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Home / Articles / News / Local News /  Crowd Control
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Crowd Control

Luck, connections and money could get you inauguration tickets

January 14, 2009, 12:00 am

On Jan.12, tickets to the inauguration of the 44th president of the United States began arriving at the offices of New Mexico’s congressmen.

Approximately 240,000 tickets were issued to members of Congress. Democratic US Sens. Jeff Bingaman and Tom Udall’s offices each received about 400 tickets and both distributed the vast majority through a lottery. Fellow Democrat US Rep. Ben Ray Luján received less than 200 tickets and distributed virtually all of them on a first-come, first-served basis.

Although Sen. Diane Feinstein, D-Calif., who chairs the Joint Congressional Committee on Inaugural Ceremonies, crafted a bill to criminalize inaugural ticket sales, there is no way to verify that recipients did not pay to attend, either by donating to congressmen or buying tickets.

Web sites like Inauguraltickets.com are advertising tickets at exorbitant rates: Standing area on the far side of the Capitol Mall’s Reflecting Pool sell for $725, while the front- and center-west area go for $1,750.
Big contributors and fundraisers to the committee were guaranteed admission—as the Washington Post reported, $50,000 donors and $300,000 bundlers (people who arrange for multiple contributions) will receive four tickets to several events, including the swearing-in ceremony. Among those meeting the criteria: Actor Jamie Foxx, puppeteer Jim Henson’s daughter Lisa Henson and Lehman Brothers executive Mark Gilbert.

No New Mexicans were listed as bundlers on the JCCIC’s Web site, and only 10 were listed as contributors, none donating more than $1,000. These include former New Mexico Democratic Party Chairman Earl Potter and Mohamed Dada, who runs the jewelry store A Touch of Santa Fe in Gallup.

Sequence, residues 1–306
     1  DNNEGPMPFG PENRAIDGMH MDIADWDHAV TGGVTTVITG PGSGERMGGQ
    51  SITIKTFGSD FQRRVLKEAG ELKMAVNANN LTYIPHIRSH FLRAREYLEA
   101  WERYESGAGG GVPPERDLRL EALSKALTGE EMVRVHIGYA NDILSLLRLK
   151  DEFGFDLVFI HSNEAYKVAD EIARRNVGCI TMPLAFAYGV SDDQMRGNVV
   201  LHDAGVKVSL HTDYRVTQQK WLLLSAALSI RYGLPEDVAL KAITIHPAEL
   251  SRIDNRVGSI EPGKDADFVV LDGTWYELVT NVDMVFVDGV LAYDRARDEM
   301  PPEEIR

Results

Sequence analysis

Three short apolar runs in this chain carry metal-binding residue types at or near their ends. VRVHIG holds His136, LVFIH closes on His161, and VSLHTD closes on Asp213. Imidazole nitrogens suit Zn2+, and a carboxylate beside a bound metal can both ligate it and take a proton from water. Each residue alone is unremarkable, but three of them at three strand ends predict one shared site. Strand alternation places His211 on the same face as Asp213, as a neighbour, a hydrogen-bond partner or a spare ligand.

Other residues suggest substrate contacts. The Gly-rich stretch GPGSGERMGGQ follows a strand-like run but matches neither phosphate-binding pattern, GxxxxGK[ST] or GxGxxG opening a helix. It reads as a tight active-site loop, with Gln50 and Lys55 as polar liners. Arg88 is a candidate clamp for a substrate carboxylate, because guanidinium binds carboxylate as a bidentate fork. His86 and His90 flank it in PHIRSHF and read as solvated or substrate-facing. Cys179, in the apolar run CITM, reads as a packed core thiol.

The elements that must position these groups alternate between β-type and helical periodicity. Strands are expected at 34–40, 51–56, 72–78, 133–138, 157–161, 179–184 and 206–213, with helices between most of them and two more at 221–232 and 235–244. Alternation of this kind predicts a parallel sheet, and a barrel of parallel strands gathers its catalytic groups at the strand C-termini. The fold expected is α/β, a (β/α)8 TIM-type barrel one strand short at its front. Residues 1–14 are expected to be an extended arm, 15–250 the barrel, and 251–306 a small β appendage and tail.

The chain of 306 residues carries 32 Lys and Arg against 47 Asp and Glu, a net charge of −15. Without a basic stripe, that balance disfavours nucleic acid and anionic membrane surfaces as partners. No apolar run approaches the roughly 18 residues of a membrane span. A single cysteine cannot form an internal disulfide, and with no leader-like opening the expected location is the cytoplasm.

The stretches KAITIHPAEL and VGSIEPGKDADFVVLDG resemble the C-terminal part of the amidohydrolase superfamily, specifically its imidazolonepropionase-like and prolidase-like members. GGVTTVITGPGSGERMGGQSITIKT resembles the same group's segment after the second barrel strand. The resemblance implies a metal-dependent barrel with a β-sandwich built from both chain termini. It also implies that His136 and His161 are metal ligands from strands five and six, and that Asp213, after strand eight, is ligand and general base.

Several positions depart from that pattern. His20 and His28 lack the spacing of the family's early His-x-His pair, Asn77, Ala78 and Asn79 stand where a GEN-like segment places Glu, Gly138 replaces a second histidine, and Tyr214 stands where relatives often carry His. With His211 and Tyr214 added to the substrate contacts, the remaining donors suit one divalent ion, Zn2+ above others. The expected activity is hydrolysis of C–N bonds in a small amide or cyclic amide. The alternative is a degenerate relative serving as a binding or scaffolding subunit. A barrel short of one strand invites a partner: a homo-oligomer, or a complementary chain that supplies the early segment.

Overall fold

Potter and his wife will receive tickets through Bingaman’s office. He says he received tickets not because of his JCCIC donation, but because he was law school classmates with Bingaman and has worked on all his campaigns since 1982.

But Potter isn’t planning to use his tickets—he spent two hours in line during Bill Clinton’s second inauguration and doesn’t want to deal with the security checkpoints. Instead, the Potters will watch the event on monitors at the other end of the Mall and “probably give the tickets to someone else,” Potter says. “You don’t sell inauguration tickets.”

As for other recipients, members of Congress are not subject to the Freedom of Information Act, which, according to Bingaman’s spokeswoman Jude McCartin, allows the office to withhold the names of ticket recipients.

McCartin does say, to her knowledge, none of the recipients were lobbyists, although “we didn’t discriminate against somebody in New Mexico if they happened to be a lobbyist.”

Luján’s communications director, Mark Nicastre, says Luján’s office was able to accommodate all requests that came in within the first month and a half of the election; even staffers were allocated tickets in the order they appeared on the spreadsheet.

“Even if you asked for tickets in exchange for never bothering me again, I wouldn’t be able to get you tickets,” Nicastre says. “We have a waiting list.”

However, Luján’s office is only releasing the names of individuals who have already agreed to speak to the press.

That lack of disclosure has some watchdogs on alert.

“We believe everything should be public information that has to do with the public part of a lawmaker’s job, and certainly this would fall into that category,” Nancy Watzman, spokeswoman for the open-government organization the Sunlight Foundation, says.

Watzman points out that Obama’s committees have been more open with inaugural information than previous administrations. The JCCIC is not accepting money from political committees, unions or federal lobbyists, nor contributions greater than $50,000.

“According to the law, you don’t have to disclose until after the fact, so they’ve been much more up-front than previous folk,” Watzman says “At the same time, there are all these private events going on around town that are corporate-sponsored and don’t require [disclosure].”

Watzman coordinates Sunlight’s database of special interest-sponsored events for politicians. The only New Mexico event listed on the site is an inaugural ball hosted by the New Mexico State Society, for which Bingaman serves as honorary chairman. All sponsorship slots—which cost between $1,000 and $5,000—have been filled and include the lobbyist firms PMA Group, Alcalde & Fay and Fredericks Peebles & Morgan LLP.

 

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